Shilo Murphy, who runs the People's Harm Reduction Alliance (also known as the U-District Needle Exchange), says he's heard of fentanyl as a cutting agent for heroin, but not regularly used on its own. Same goes for Mark Kinzly, who works with opiate users in Connecticut at the Yale School of Public Health (and spent some time as an opiate addict himself). At first, Kinzly thinks my stories about people freebasing fentanyl sound like "an urban myth."
I tell him it's not an urban myth.
"Most of the time, we see it mixed in with heroin," he says. "But it's concerning to me that you're even hearing about people using fentanyl on its own. We had such an awful experience here in 2006..."
Pure fentanyl is 100 times more potent than morphine, and doses are measured in micrograms instead of milligrams: Unless it's mixed very precisely and very evenly, the strength of the drug can vary dramatically—dangerously—from one hit to the next. A few years ago, the Midwest and East Coast saw at least 1,000 heroin overdoses after a lab in Toluca, Mexico, produced fentanyl that was then cut into the heroin supply chain, making the heroin much, much stronger—unevenly so.
"That's always the danger with really potent stuff," Dr. Coffin says. "Imagine you've got a big pot of drugs and you're stirring it up. Some of that is inevitably going to clump. And some clumps are going to be weaker and some clumps are going to be much stronger." According to the Drug Enforcement Administration: "One gram of pure fentanyl can be cut into approximately 7,000 doses for street sale."
Fentanyl is a good cutting agent for heroin because it's entirely synthetic and therefore cheaper to produce—manufacturers don't need lots of land or lots of labor, or all of the risk and the bribes that come along with cultivating acres of poppies. In 2006, some Mexican drug-trafficking organizations figured that out and started cutting their heroin with fentanyl to increase their profit margin. Mexican authorities busted the Toluca lab near Mexico City in May of 2006. Fentanyl-related overdose deaths in a sampling of US cities peaked a month later at 150 before declining sharply to a single death in February of 2007—a rare instance in which the two divided schools of drug policy (law enforcement versus harm reduction) worked together to save lives.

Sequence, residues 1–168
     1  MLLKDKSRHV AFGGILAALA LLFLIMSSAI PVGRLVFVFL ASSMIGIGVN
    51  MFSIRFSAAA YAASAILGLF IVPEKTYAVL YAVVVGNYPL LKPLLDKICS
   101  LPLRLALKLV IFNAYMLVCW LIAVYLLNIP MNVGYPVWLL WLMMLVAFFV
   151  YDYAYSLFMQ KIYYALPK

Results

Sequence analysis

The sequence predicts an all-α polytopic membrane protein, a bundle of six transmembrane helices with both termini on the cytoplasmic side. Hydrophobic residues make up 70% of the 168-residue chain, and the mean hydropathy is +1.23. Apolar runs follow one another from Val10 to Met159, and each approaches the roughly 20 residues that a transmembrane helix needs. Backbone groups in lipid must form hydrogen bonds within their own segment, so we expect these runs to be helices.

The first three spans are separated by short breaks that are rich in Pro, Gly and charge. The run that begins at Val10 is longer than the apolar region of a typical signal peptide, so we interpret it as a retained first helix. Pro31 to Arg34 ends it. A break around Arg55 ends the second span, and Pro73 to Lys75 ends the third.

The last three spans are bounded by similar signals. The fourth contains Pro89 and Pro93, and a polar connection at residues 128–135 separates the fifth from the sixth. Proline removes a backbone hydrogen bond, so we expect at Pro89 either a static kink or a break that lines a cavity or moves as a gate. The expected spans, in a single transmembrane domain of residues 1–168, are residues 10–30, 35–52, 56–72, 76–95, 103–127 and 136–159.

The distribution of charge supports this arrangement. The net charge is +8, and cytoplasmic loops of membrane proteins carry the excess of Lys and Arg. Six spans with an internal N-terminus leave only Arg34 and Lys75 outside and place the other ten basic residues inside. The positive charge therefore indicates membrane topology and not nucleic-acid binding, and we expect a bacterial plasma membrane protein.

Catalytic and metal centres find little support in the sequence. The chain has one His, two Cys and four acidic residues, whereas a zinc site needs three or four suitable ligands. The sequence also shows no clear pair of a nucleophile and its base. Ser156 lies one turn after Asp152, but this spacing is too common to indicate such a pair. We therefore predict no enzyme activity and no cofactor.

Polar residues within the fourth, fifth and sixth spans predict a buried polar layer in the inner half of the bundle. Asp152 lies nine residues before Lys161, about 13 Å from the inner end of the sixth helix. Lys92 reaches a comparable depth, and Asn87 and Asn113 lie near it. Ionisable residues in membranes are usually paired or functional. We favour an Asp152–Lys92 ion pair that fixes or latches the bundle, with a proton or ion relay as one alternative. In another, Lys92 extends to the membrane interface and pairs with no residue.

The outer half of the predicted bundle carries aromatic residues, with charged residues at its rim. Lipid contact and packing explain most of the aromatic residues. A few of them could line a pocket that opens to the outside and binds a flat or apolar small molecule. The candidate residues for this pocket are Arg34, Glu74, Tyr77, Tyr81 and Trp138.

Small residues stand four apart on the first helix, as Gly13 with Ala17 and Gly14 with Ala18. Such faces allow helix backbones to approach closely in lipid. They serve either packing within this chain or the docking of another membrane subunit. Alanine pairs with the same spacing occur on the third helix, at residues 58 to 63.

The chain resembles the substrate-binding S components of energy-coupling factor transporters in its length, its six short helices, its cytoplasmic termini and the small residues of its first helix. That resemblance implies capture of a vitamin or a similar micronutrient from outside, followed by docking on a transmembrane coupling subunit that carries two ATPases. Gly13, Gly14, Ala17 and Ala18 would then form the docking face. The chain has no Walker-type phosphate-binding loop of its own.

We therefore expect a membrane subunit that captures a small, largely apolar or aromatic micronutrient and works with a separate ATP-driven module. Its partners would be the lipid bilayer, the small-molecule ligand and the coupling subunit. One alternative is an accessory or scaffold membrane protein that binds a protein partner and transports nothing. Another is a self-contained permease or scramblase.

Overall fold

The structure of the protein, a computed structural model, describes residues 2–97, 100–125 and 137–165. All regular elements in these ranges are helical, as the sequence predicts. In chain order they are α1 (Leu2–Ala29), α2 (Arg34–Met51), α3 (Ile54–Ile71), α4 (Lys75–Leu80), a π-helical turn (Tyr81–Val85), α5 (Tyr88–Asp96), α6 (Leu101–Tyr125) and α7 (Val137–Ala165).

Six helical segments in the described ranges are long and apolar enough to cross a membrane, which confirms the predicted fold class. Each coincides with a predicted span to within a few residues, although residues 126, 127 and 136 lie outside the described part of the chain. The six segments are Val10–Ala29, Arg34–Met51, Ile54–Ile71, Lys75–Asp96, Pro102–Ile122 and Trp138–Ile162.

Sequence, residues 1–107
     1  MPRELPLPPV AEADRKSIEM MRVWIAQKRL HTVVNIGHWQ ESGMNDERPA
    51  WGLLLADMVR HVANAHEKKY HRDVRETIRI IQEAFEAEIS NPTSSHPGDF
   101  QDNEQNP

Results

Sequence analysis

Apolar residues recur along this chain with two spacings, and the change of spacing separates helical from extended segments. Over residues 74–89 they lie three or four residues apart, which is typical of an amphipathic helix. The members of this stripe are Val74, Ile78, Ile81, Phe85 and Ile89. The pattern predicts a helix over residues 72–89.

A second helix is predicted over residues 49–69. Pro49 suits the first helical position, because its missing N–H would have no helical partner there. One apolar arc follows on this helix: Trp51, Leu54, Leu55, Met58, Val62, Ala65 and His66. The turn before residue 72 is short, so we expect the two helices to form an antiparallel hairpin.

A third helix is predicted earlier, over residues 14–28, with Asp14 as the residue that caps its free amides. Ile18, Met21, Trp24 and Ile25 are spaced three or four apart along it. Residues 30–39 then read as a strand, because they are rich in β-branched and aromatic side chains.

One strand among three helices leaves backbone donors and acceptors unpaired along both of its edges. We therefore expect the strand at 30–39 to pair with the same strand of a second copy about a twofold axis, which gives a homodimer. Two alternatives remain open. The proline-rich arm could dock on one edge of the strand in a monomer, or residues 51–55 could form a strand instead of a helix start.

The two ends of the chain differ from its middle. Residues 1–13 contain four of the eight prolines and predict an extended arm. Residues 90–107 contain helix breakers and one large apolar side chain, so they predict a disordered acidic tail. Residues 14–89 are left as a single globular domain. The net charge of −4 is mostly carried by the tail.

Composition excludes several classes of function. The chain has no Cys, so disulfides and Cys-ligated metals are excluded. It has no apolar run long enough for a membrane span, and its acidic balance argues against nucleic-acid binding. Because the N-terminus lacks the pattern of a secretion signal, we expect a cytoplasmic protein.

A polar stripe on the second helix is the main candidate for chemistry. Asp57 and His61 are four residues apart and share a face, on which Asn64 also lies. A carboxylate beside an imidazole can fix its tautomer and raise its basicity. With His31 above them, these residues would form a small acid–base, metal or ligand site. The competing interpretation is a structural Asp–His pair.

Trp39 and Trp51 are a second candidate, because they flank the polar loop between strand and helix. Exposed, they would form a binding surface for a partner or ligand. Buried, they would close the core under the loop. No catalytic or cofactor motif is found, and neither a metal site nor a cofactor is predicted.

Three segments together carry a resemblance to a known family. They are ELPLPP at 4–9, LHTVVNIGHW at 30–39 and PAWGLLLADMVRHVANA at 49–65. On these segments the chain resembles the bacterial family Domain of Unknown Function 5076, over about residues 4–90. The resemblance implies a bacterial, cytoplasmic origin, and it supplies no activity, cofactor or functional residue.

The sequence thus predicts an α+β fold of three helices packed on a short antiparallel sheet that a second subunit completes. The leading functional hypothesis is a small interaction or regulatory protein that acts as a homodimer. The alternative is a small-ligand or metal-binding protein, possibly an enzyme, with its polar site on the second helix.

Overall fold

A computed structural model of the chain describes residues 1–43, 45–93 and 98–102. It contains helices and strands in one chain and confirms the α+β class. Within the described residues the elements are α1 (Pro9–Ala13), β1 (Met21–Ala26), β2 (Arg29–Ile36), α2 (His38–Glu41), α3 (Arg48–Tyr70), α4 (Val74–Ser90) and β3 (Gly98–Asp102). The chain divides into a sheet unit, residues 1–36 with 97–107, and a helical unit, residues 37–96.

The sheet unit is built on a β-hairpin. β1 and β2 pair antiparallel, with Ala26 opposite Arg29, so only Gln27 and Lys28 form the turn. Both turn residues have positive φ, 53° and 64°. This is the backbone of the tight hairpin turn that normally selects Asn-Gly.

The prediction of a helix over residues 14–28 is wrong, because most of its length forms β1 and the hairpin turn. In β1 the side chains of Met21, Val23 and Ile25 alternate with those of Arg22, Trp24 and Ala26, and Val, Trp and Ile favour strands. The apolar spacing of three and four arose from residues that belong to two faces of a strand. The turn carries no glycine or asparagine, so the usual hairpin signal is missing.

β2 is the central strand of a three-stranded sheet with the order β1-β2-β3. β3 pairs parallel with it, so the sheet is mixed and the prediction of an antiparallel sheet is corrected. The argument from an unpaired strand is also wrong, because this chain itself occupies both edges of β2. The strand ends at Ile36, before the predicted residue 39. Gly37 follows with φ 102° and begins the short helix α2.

The very first wave of fentanyl-cut heroin, Kinzly says, hit the United States in the 1990s. "I don't know if you know this, but bags of dope on the East Coast have stamps," he says. "It's a marketing tool. And there was a particular stamp called 'Tango and Cash.' That was heroin cut with fentanyl, and people were dying left and right. But as you're well aware, any consumer wants the best product, the most for their dollar, so we had people running up and down the street trying to get the product."
The deaths, he says, were an advertisement of quality.
Fentanyl was first synthesized in 1960 by one of the geniuses of pharmacology—Belgian chemist Dr. Paul Adriaan Jan Janssen. Before he died in 2003, Janssen was awarded 80 medical prizes and 22 honorary doctorates, and was made a baron by King Baudouin I. Dr. Janssen is so famous in his own country, he won second place in a 2005 Flemish television poll for "the Greatest Belgian." (First place went to Father Damien, the "leper priest" of Moloka'i, Hawaii.)
Along with his researchers at Janssen Pharmaceutica, Janssen synthesized more than 80 medicines in his lifetime. Four of his drugs (including the antipsychotic Haldol and the cattle deworming agent levamisole) are on the World Health Organization's list of essential medicines—an accomplishment that is, according to Janssen Pharmaceutica director of language and documentation Guido Theunissen, "quite unique." (Guido is being modest. It's a world record.)
Fentanyl has three major medical uses. First, for terminal cancer patients and others living with a constant level of baseline pain that cannot be controlled by high doses of morphine (for this use, it's often prescribed as a skin patch). Second, in surgery, where it sometimes suppresses a patient's breathing, requiring artificial ventilation (among recreational users, that is known as an overdose). Third, in ambulances as a first-aid response to massive, extraordinarily painful trauma.
The availability of the drug to medical professionals has resulted in some spectacularly sad fentanyl-related crime.
In November of 2010, prosecutors charged a nurse on Long Island with six counts of "unlawful release of regulated medical waste," claiming that he had been stealing hospital garbage (bags of syringes, blood vials, etc.) and rifling through it for used fentanyl skin patches. "He was actually sucking the residue off the patch," Suffolk County district attorney Thomas Spota told reporters, "the way you would eat an artichoke." The nurse was accused of dumping the rest of the waste in public places—a few parks and at least one school playground.